Our Stories in Biosketches: Research Opportunities and Agendas
in preparation for
Office of Minority Health Resource Center,
Higher Education Technical Assistance Program.
San Francisco State University.
September 24, 2015
Thank you for the invitation to share with you today and for the opportunity to think through my research journey. As noted in my introduction I’ve worked on a number of projects and have all sorts of stories about the trials and joys of working with community, so if you have questions about those projects please ask.
But for this presentation, my research journey presentation, I kind of have a bone to pick about grant applications and the biosketch section we have to fill out. As I was preparing this presentation I got an email from our grants assistant telling me I needed to update my bio-sketch – so let’s have a talk about these documents that are supposed to track our research journeys.
So you all know about the NIH biosketch??
When you apply for funding the Biographical Sketch or “biosketch,” as it is more commonly referred to, is a document that you are asked to supply with your application. The first time, in the early 2000s I had to fill one out it requested my employment record, publications, and previous and current funding within the past 3 years. The format of that first biosketch was an evaluation of my productivity, what had I done in my career that was relevant to the funding I was asking for. But it was just a sketch, the barest of outlines.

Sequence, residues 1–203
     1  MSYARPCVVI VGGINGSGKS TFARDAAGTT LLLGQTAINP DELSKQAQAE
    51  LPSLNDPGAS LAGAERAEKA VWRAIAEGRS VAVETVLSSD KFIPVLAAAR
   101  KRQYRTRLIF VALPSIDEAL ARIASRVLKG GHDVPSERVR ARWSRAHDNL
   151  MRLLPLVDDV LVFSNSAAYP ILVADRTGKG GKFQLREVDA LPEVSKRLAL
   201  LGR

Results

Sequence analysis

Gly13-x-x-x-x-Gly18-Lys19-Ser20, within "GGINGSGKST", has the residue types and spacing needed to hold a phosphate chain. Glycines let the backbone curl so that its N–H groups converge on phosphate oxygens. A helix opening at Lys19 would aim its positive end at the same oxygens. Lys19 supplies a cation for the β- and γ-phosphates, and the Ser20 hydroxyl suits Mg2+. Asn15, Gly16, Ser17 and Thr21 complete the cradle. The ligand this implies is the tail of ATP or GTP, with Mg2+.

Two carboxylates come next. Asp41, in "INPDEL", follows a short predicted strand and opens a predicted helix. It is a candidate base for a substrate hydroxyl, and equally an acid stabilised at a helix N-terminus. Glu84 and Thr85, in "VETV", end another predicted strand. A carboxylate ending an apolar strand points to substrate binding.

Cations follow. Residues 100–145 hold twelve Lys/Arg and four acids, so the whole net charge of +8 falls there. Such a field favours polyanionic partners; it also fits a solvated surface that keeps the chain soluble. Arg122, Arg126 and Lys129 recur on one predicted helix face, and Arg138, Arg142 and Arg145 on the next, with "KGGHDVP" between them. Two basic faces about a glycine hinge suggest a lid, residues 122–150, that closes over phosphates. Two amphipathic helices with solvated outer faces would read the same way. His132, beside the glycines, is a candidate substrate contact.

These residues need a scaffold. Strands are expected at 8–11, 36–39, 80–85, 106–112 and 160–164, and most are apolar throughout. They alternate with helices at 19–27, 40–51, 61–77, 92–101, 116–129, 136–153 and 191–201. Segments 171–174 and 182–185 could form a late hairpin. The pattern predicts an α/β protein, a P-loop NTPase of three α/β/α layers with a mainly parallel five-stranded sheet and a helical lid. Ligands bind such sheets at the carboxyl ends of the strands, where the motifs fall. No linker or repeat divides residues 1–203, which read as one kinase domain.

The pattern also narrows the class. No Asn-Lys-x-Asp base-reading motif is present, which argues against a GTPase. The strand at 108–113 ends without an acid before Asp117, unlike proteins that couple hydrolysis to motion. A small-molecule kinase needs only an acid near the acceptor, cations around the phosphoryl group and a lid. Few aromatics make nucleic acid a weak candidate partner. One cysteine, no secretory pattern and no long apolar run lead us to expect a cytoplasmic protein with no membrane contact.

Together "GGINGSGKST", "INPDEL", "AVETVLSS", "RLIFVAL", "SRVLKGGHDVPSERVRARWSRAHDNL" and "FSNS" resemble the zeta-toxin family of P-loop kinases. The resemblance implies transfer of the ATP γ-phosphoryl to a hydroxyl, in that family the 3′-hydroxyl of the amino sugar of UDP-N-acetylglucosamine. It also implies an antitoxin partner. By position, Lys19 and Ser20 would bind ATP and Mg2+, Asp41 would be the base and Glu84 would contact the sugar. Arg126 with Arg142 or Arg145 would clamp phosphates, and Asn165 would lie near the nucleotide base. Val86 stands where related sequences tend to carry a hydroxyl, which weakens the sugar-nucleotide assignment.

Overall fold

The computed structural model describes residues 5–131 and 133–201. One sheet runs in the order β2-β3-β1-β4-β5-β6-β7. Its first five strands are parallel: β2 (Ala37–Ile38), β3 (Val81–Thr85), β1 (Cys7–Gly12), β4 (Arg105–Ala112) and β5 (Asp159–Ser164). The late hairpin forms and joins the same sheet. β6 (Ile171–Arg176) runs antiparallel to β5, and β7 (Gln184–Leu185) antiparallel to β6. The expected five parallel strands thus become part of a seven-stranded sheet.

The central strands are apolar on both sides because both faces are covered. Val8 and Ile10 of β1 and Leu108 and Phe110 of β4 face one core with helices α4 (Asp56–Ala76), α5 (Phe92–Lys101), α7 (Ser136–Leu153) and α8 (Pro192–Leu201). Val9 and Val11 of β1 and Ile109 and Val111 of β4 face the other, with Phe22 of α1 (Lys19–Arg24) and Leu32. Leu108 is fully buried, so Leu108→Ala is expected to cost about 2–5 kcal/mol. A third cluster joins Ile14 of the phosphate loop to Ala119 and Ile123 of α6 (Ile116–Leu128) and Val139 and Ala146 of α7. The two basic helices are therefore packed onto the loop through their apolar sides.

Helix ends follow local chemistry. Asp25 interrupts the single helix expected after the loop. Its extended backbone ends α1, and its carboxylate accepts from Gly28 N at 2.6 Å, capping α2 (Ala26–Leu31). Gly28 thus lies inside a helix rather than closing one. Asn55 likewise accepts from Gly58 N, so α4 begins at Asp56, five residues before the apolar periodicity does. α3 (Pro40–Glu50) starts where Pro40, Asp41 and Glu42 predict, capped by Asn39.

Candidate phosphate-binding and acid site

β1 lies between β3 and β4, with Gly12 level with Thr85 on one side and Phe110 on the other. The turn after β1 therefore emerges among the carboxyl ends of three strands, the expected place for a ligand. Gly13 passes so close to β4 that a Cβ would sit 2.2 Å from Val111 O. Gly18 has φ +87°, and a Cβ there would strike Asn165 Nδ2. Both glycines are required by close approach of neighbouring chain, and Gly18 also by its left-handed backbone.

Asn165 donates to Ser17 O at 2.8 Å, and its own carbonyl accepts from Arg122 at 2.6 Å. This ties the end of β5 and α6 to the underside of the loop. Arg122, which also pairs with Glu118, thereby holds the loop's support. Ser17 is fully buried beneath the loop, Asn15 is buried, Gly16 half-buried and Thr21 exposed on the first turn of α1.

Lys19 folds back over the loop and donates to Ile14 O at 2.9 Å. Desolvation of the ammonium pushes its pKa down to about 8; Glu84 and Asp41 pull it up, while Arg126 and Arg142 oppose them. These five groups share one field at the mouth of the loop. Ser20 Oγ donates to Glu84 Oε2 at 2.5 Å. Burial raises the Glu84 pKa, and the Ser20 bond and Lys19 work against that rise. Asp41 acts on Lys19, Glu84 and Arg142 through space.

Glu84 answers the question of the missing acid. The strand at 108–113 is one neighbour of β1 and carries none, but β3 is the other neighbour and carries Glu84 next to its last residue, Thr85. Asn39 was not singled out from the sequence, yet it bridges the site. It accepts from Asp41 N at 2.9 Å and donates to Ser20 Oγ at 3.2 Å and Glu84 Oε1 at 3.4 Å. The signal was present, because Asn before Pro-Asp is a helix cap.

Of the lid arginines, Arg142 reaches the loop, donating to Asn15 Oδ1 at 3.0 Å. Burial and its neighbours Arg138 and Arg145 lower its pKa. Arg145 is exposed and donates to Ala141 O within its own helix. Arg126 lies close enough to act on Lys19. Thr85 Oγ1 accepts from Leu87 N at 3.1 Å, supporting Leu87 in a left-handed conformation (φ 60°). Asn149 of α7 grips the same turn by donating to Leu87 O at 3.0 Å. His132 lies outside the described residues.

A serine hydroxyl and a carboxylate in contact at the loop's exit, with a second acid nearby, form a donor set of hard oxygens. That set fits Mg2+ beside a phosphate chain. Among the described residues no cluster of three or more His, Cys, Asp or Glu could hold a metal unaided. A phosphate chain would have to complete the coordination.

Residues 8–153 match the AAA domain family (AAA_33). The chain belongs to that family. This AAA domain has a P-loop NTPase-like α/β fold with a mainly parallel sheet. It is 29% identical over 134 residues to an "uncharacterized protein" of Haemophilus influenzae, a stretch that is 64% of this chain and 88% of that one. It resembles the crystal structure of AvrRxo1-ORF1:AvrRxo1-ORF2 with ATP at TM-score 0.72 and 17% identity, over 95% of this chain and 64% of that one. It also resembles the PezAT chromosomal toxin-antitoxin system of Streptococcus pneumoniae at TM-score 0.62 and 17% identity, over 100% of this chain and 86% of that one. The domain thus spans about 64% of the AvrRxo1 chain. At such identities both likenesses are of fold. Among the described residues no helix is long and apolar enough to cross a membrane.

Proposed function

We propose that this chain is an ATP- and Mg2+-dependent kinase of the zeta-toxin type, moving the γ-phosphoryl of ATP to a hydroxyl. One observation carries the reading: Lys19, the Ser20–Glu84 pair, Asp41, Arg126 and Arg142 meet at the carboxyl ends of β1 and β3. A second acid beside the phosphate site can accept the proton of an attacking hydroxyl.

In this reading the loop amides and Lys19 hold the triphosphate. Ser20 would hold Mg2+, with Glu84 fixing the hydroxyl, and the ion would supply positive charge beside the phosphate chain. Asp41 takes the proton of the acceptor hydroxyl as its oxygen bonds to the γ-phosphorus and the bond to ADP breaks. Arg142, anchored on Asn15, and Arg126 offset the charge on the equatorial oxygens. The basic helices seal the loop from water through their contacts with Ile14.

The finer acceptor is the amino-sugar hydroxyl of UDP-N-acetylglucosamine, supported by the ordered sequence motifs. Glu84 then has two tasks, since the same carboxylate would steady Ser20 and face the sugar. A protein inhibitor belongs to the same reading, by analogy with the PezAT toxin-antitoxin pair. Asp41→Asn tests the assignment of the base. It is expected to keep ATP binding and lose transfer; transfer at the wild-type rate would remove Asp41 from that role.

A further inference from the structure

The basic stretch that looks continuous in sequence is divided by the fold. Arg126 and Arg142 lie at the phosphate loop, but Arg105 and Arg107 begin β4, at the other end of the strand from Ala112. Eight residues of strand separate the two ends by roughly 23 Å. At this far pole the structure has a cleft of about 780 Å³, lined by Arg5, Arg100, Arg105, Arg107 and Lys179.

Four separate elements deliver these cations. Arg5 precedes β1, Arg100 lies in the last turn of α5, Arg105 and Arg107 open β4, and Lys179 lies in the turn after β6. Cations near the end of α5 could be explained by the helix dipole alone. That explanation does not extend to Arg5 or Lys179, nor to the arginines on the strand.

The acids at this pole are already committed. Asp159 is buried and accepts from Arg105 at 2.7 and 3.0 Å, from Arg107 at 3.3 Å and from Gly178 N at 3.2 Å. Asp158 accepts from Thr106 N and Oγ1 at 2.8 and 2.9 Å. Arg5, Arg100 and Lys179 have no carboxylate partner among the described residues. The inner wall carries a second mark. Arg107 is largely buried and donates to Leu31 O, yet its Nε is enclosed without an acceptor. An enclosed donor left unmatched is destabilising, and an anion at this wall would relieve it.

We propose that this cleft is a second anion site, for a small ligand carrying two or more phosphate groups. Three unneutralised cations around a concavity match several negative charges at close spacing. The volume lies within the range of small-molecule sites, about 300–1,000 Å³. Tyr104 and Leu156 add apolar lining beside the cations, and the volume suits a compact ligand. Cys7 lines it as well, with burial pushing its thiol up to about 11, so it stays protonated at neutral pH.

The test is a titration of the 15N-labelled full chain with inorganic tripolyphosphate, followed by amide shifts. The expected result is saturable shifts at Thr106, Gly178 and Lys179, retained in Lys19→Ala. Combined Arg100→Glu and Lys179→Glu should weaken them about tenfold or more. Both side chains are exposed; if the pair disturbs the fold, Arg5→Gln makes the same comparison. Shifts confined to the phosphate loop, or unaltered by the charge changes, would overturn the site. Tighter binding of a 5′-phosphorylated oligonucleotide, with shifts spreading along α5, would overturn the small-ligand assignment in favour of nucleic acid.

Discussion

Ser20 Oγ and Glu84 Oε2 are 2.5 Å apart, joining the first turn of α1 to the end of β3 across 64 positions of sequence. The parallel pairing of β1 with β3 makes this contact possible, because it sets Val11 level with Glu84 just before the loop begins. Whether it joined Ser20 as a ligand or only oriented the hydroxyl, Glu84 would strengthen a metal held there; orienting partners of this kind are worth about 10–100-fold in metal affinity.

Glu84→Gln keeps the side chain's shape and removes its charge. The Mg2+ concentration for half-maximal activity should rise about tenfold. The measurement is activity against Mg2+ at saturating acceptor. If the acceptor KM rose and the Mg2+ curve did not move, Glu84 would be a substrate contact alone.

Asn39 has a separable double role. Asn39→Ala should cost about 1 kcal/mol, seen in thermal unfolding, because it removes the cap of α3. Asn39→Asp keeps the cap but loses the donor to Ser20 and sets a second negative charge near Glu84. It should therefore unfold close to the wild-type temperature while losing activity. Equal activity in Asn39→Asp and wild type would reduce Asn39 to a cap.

The funny thing is that it also makes it appear as if you always knew that this is what you wanted, this was the path I was on and I always knew where I wanted to go.
I didn’t know I was going to be a medical anthropologist. I thought I was going to graduate school to study sociology of art, I was intrigued by the representation of bodies and their meanings in comics. Before arriving at graduate school, I had taken a lot of methods and data analysis classes as an undergraduate. I don’t know why, maybe because I had my preschool aged daughter at the time, and I was trying to figure out how we come to know the world. Whatever the reason I took a lot of methods courses as an undergraduate.
When I arrived at graduate school, Leo Chavez, who would eventually become my dissertation chair had just received an R01 with his colleague in the medical school to study Latina’s knowledge and preventive practices related to breast and cervical cancer. It was the early 1990s before the effort to really engage community in the research process. Interestingly this was among the first study to actually ask Latina women what they thought caused breast and cervical cancer. Up until that time the standard was to ask people if they knew what science said were the causes, a knowledge deficit approach. Continue reading